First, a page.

THAT OTHER WORD: Episode 6 | October 2012 | Géraldine Chognard and Sylvia Whitman

“That Other Word,” a collaborative podcast between the Center for Writers and Translators at the American University of Paris and Two Lines Press in San Francisco, offers discussions on classic and contemporary literature in translation, along with engaging interviews with writers, translators, and publishers.

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In this episode, Daniel Medin and Scott Eposito revisit Robert Walser’s Microscripts in its new illustrated paperback edition, and look forward to another take on that author’s work, the strange and musical “monologue for multiple voices” that is Elfriede Jelinek’s Her Not All Her: On/With Robert Walser. They discuss the reconstructed romances in Jacqueline Raoul-Duval’s Kafka In Love and the well-earned praise for Stig Sæterbakken’s Self-Control. They hope that Dalkey Archive Press’ Arvo Pärt in Conversation will bring about a resurgence in the genre of conversations, and tip their hats to Seagull Books for publishing two works by the 2012 Nobel Laureate Mo Yan, Change and the forthcoming Pow!

Daniel Medin then speaks to two booksellers in Paris about introducing and promoting literature in translation, challenges to bookselling in the age of Amazon, and the idea of the bookshop as community center.

Géraldine Chognard manages Le Comptoir des Mots (near the Père Lachaise cemetery in Paris’ twentieth arrondissement) and co-runs the small press Cambourakis, which specializes in literature in translation and has published Stanley Elkin and László Krasznahorkai, among others. She speaks about Librest, a cooperative effort among seven bookshops in eastern Paris, and ways to promote new works in translation. She mentions Le Comptoir des Mots’ successful poet-in-residence program, which has already hosted Frédéric Forte, a member of Oulipo, and Benoît Casas, and comments on Cambourakis’ upcoming publishing projects, including the French translation of Krasznahorkai’s War & War.

Sylvia Whitman took over Shakespeare and Company, Paris’ best-known anglophone bookshop, from her father, George Whitman, five years ago. She talks about appreciating the shop’s history and her efforts to expand its mission, the joys of reading in multiple languages, and the unique position of anglophone booksellers in France. She reveals Shakespeare and Company’s bestselling titles and recommends some of her staff’s recent favorites.


TABLE OF CONTENTS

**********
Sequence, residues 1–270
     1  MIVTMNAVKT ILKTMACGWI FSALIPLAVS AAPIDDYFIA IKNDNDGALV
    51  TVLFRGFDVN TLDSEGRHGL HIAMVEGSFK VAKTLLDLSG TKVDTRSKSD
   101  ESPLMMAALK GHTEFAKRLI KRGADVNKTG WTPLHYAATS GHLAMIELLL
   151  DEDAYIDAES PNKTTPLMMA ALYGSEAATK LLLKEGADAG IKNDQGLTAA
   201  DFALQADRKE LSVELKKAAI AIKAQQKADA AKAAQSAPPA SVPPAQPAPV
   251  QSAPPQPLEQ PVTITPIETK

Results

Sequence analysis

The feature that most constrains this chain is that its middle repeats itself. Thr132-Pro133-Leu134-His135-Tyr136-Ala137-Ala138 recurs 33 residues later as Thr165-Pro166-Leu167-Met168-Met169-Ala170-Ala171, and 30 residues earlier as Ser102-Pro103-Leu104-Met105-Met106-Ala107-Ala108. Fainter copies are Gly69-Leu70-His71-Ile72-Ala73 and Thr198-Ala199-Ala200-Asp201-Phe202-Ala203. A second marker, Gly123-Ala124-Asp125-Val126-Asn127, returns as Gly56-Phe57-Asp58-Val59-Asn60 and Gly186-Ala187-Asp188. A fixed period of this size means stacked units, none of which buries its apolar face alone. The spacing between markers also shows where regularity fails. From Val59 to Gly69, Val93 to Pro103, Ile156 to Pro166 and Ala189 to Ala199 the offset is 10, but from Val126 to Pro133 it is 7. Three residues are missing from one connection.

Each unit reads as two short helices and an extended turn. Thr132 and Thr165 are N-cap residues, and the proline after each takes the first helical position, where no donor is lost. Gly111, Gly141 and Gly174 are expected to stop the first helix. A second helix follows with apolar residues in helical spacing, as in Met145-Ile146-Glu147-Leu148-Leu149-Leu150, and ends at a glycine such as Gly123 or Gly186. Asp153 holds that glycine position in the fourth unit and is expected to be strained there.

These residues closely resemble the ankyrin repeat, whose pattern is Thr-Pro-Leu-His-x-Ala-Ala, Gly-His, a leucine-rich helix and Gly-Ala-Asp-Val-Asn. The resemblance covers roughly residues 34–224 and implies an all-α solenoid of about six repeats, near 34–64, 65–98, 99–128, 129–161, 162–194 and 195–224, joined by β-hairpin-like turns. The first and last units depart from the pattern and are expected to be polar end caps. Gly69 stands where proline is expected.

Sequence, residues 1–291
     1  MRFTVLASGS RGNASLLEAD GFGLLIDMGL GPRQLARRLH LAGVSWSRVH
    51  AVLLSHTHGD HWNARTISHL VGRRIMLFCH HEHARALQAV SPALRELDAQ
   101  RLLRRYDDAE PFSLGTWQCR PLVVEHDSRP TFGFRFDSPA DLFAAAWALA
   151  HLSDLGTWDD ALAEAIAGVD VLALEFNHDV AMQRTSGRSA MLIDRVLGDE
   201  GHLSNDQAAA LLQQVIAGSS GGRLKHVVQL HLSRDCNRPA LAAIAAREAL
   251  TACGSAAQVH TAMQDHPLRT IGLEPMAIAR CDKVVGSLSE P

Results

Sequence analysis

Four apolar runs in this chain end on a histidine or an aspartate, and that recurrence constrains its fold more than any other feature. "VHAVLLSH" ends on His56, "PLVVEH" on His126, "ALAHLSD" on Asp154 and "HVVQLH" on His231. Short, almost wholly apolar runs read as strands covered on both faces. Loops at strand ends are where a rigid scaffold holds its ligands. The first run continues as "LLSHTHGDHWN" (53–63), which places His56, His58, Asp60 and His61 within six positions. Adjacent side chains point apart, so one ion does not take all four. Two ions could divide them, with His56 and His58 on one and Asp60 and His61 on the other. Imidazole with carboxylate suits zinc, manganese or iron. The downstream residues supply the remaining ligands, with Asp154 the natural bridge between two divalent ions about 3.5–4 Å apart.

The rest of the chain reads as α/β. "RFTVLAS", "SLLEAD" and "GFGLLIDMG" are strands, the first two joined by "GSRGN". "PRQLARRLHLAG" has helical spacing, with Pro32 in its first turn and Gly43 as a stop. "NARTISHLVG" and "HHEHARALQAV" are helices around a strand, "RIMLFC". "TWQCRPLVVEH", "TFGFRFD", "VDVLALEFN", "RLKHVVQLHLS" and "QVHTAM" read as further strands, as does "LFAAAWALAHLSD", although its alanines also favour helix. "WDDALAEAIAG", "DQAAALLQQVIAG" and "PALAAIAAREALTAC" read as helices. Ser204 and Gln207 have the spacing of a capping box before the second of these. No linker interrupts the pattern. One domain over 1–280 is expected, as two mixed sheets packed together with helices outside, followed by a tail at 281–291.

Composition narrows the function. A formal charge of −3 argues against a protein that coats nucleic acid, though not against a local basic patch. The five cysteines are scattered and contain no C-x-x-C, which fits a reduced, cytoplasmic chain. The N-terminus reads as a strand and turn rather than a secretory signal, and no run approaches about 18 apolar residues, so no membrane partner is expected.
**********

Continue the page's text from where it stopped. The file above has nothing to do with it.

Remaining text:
INTRO: Daniel Medin and Scott Esposito

1:06 Robert Walser’s Microscripts
2:00 Elfriede Jelinek’s Her Not All Her: On/With Robert Walser
5:55 Jacqueline Raoul-Duval’s Kafka In Love
6:57 Stig Sæterbakken’s Self-Control, plus his essay “Why I Always Listen to Such Sad Music,” published in Music and Literature
8:25 Dalkey Archive Press’ Arvo Pärt in Conversation
9:09 Works by Mo Yan: Change and Pow!
10:35 Scott Esposito and Daniel Medin introduce Géraldine Chognard and Sylvia Whitman

FEATURE, PART 1: Daniel Medin interviews Géraldine Chognard

12:02 The role of book stores in introducing and promoting works in translation, with a mention of Reinhard Jirgl
15:47 Librest and cooperative efforts with other booksellers and presses in Paris
18:30 Le Comptoir des Mots’ poet-in-residence program
21:04 Géraldine Chognard recommends: Céline Minard
22:08 Krasznahorkai’s War & War, plus his Au nord par une montagne, au sud par un lac, à l’ouest par les chemins, à l’est par un cours d’eau

FEATURE, PART 2: Daniel Medin interviews Sylvia Whitman

26:13 Learning to run Shakespeare and Company
28:15 ‘Life in translation’: Living between languages; reading and promoting literature in translation
31:00 On being an anglophone bookseller in France
35:01 Contemporary challenges to bookselling, and Shakespeare and Company’s solutions
41:30 Festivals and events at Shakespeare and Company
45:38 Noëlle Revaz’s With the Animals, Raymond Queneau, and being well-displaced
48:20 Sylvia Whitman recommends: Jean-Philippe Toussaint; Edouard Levé; Dimitri Verhulst’s Madame Verona Comes Down the Hills; Gerbrand Bakker; Per Petterson; and Emmanuel Carrère’s Limonov
49:54 Anglophone authors and books Sylvia Whitman is currently reading